I was struck by the statement of a young Pakistani girl, shot by the Taliban because she wanted to go to school, something girls in Pakistan are discouraged or prevented from doing.
“I have achieved my dream,” said Malala Yousafzai. The 16-year-old was shot in the head and neck in October, 2012. She received treatment, first in Pakistan and later in England, for her injuries, which included a shattered skull. Miraculously, she has recovered nearly completely and is attending school in England.
Her story is compelling, but what struck me was her words, “I have achieved my dream.” How many people know what their dream is, or, if they know, are willing to pay the cost to achieve it?
Whenever I do workshops with women, I ask each woman what her passion is…and so many do not know. They spend their days going through the motions, instead of being energized because they are working on their passion…to achieve their dream.
It isn’t clear how our “family of origin” stories affect our ability to dream, but those experiences are probably more influential than we know. Just today, I heard someone say that her grandchildren were “losers.” She said that her daughter was a loser, and so were her children. It hurt to hear the words, and I am not one of her children! I could only imagine what her daughter and grandchildren think of her …and more importantly, of themselves.
David Benner, in his book, The Gift of Being Yourself, says that many of us live with “false selves.” We spend our time trying to be what someone else expects of us; we live to please others and lose our true selves in the process.
What prevents that tendency has to be a family who encourages their children to be themselves, no matter what that “self” is. There was a story on the “Today” show about a young man with Downs’ syndrome who runs a restaurant. He was interviewed and was remarkably self-assured. He doesn’t cook, but his specialty is giving hugs. He said he had always wanted to own a restaurant; his parents supported him and encouraged him.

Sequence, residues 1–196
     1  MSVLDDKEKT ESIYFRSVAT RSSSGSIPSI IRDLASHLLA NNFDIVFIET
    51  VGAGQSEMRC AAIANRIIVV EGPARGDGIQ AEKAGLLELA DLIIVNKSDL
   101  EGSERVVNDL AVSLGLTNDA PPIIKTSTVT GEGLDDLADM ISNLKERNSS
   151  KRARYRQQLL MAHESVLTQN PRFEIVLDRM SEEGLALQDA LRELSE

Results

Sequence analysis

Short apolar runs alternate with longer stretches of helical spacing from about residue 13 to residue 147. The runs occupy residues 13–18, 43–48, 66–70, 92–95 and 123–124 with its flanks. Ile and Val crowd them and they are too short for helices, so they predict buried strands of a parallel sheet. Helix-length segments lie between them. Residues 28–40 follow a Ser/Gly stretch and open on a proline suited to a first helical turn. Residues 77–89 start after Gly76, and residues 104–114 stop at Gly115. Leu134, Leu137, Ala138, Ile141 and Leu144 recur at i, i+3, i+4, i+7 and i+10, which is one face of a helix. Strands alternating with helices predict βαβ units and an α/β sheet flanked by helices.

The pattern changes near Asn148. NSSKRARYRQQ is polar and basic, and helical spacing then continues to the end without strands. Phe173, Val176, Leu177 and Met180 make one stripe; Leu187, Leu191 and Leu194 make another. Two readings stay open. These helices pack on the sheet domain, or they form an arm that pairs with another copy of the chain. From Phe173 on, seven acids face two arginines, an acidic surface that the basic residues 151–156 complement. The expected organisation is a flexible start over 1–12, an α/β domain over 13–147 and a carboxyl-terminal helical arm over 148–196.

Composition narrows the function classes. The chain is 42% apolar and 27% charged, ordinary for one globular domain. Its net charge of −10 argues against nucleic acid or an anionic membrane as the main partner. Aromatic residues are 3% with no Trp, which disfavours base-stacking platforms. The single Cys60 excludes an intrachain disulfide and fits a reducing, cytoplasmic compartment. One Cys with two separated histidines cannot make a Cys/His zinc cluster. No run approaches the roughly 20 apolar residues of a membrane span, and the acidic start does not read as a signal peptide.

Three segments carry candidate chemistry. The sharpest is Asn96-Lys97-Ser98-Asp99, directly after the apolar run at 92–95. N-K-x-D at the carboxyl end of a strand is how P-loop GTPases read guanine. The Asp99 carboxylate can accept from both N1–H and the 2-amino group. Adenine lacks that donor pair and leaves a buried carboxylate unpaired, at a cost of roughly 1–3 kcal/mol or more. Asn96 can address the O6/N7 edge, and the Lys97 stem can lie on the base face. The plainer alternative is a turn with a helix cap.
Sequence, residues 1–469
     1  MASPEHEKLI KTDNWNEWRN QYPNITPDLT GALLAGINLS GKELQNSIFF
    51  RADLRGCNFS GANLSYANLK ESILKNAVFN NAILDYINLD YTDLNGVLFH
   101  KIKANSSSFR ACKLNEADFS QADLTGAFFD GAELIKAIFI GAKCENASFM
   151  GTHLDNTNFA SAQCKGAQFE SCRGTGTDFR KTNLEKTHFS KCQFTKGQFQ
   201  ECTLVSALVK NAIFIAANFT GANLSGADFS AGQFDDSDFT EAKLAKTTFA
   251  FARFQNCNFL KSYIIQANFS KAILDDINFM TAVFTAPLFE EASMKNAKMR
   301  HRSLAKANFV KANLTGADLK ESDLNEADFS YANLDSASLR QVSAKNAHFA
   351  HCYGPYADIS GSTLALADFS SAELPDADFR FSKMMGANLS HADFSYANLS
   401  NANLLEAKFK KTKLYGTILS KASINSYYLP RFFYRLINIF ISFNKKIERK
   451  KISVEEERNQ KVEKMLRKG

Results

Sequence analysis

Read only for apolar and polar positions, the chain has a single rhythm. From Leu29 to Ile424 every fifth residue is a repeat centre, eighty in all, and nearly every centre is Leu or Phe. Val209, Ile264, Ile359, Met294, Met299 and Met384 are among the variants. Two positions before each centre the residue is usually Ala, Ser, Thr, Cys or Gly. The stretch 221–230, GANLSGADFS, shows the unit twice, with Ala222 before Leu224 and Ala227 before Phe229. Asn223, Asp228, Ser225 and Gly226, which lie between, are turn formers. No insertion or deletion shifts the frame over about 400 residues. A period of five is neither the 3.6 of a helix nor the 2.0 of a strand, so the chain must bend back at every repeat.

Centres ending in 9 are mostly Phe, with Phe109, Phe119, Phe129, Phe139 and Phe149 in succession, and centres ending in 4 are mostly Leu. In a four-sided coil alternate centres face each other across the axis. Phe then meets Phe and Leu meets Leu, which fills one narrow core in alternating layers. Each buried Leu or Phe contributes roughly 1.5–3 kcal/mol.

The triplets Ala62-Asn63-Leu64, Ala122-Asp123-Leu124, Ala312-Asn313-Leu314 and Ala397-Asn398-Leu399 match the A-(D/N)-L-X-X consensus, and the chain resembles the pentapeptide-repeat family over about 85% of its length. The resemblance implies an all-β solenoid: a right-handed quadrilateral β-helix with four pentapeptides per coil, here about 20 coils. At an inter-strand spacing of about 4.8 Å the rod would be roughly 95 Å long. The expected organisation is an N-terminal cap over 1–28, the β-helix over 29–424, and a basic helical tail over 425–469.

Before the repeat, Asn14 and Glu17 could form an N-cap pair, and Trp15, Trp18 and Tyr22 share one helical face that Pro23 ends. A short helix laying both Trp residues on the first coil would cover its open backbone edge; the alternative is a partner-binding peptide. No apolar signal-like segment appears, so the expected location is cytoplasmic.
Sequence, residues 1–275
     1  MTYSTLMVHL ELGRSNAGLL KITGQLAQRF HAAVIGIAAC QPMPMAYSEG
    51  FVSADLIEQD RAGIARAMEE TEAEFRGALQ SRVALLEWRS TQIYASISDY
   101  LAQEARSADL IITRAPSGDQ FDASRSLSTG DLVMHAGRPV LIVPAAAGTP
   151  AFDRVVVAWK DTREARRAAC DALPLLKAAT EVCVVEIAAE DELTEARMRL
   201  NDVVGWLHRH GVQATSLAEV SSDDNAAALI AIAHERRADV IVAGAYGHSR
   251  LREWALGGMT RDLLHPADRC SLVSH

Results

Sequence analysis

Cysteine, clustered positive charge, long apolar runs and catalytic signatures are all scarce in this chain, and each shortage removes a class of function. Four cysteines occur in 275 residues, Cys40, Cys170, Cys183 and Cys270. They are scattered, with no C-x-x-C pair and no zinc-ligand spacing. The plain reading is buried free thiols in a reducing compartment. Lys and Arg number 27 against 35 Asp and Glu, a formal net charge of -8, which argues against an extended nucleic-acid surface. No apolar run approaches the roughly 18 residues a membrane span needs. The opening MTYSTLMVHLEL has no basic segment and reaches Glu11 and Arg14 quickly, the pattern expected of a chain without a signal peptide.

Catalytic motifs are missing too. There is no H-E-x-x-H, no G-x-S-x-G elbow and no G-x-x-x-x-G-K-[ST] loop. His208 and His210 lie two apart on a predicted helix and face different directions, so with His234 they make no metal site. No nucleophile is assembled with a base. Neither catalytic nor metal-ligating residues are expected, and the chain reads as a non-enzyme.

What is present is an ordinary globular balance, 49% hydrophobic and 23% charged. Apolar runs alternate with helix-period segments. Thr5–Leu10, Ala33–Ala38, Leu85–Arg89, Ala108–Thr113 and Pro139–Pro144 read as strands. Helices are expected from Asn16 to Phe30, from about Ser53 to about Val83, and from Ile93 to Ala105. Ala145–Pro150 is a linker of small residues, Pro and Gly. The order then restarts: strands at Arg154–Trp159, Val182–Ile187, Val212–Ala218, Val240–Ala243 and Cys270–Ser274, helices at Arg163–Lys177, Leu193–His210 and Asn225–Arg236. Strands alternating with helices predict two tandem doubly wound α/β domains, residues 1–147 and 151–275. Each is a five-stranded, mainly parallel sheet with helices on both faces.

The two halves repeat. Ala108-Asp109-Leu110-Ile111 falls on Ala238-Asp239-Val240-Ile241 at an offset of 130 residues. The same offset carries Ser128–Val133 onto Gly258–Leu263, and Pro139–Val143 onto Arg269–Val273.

Malala Yousafzai has parents who have always supported her. Even though the Taliban issued an edict that banned girls from attending school, her father operated a school in defiance of the order. http://www.cnn.com/2013/03/19/world/asia/pakistan-malala-school/index.html?hpt=hp_bn2) . His belief in her had to build her self-esteem and confidence; great things and great achievements come from people who on one level or another have learned to love themselves – strengths and weaknesses – and are thus able to live their “true selves.”
I wish, as I listened to the woman calling her grandchildren “losers,” that she and so many like her, could get to understand how important it is for children and young people to be encouraged to be themselves, regardless of the cost. Malala Yousafzai was willing to pay the cost; indeed, she nearly lost her life. But she had a mission. She had a passion and it made her dream. Though battered, she can say, “I have achieved my dream.”
The world would rejoice if more people could say that.
A candid observation …